Hello PNW followers! Today we’re here to bring you another dry flower vaporizer review, this time for the Arizer Air. As many of you know, here are the PNWCR HQ we are moving more and more away from smoking cannabis, preferring to either dab or vaporize our medicine. We have tested several dry flower vaporizers and we want to show you how the Air compares.
The Arizer Air:
The Air arrives in a brown, discreet box so you don’t worry about the mailman or your neighbors knowing you’re chiefin the green leaf! It’s about 6 inches long and about 2 inches in circumference, which is a bit larger than some of the portable vaporizers we’ve tested. It’s still portable, you just can’t hide it very well. It’s smaller than the Cloud Phantom, but it’s still not very easy to hide when you’re out wandering.
As you can see in the image, the Air comes with everything you need for aromatherapy or for dry herb vaporization. You get the unit with variable temperature control, two vapor stems with a single mouthpiece, a cup for your aromatherapy, a couple of rubber caps, and a stirring tool. You also get a carrying case with belt clip….
and a silicone cover that reminds me of the covers for the Wii game remotes.
Everything about this screams portability. It’s durable, so if you drop it while out hiking or roaming it should hold up well and just in case they give you some protective items for it. This is definitely made for on the go……
Using the Air:
As you see in the video above, there are 5 temperature settings. In the video I was vague about temps, but they are: Blue – 356 degrees, White – 374, Green – 392, Orange – 401, and Red – 410. Blue and white will vaporize most of the terpenes but leave many of the other cannabinoids behind. Green is a nice mid-range, but can be a bit on the high end for my personal taste. Orange and red are NEVER used on mine. You get too much of a popcorn flavor in my opinion.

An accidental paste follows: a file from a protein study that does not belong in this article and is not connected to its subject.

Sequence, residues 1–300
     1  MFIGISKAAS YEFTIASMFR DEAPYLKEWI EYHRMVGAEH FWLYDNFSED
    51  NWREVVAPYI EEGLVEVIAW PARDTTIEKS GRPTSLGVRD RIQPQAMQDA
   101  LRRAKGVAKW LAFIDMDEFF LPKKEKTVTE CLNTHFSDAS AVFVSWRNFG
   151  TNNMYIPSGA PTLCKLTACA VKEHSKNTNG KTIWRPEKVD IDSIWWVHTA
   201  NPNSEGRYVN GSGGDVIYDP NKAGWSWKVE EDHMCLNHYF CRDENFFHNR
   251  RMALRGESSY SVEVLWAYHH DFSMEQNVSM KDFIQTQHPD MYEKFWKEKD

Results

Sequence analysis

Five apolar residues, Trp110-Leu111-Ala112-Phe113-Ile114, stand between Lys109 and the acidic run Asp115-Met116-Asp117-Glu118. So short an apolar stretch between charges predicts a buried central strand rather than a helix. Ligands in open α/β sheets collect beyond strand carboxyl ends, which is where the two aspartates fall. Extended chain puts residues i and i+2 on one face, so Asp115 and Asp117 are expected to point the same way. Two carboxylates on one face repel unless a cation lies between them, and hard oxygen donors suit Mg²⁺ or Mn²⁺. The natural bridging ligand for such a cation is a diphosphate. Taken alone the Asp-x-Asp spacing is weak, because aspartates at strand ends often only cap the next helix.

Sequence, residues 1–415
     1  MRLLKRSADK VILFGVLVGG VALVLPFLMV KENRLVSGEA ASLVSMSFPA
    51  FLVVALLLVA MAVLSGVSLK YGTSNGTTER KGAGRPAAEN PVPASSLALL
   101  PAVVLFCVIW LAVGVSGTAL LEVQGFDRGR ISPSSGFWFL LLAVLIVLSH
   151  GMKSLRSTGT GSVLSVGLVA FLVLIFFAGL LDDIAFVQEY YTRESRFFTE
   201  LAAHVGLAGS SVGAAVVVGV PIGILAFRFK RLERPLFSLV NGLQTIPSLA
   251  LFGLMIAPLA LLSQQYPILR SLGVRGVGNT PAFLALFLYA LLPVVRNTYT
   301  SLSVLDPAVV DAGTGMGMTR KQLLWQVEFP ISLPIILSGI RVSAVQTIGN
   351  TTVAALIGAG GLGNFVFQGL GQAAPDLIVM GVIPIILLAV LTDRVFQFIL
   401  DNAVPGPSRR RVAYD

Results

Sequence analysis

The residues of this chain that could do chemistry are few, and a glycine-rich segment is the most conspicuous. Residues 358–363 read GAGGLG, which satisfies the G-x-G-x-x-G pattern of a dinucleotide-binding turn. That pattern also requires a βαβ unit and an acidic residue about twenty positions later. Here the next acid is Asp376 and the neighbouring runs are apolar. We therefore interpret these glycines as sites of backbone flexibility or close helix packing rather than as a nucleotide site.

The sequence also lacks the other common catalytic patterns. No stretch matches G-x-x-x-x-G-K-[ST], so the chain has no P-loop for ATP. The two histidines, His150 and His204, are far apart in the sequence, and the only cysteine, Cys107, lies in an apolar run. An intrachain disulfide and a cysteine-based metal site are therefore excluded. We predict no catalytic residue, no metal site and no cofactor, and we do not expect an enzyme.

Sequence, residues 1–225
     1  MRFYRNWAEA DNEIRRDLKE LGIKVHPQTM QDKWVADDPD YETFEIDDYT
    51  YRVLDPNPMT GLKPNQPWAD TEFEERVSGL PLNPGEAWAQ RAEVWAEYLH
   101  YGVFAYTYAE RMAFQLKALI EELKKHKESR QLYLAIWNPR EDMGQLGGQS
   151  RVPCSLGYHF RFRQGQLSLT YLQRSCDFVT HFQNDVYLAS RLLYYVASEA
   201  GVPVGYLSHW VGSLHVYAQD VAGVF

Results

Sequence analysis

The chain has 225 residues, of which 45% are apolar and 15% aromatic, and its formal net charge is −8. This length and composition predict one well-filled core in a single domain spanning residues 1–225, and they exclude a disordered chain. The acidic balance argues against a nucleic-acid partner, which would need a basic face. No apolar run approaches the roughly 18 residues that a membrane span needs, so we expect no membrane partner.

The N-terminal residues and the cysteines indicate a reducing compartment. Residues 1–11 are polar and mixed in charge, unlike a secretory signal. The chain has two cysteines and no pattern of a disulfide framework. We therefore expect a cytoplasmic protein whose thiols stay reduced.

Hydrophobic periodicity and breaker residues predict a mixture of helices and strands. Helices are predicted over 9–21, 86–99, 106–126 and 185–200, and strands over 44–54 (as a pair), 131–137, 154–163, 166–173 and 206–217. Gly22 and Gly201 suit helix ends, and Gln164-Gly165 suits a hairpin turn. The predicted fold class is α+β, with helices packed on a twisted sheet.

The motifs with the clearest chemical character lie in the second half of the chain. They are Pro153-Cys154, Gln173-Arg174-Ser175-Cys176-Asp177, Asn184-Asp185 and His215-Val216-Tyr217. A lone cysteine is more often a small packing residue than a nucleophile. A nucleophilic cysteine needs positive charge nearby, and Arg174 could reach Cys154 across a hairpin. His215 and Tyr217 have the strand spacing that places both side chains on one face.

To turn on the unit you press the center of the control button on the front until you hear a beep. This will turn it on to the lowest setting. Pressing up or down on the settings button will adjust the temperature. While the unit heats the colored LED blinks and when it’s solid the unit is heated and ready to go. Once on, the unit will heat for 10 minutes uninterrupted. There are no buttons to press while hitting or anything, just draw while it’s heated for a mouthful of vapor.
If you’re coming back to the unit and you want to go straight to the previously set temperature, turn the unit on and then hold the down arrow for about 5 seconds. This will jump straight to the last set temp setting.
When you’ve hit it a few times all you’re left with is brown material that looks vaguely of dried tobacco. This is the vaporized flower that is left behind.
Loading the Air is easy. You need to grind your flower to make sure it gets heated evenly, and then you just press the end of the stem (the small chamber at the bottom) into a pile of ground herb and give it a small twist. This will get some flower in the stem, you just repeat this process if it’s not enough. When it’s full you’ll see a small bump above the stem, lightly compress that but not so much that you reduce airflow. Just enough to make sure there isn’t any herb sticking out of the stem when you go to insert it into the unit.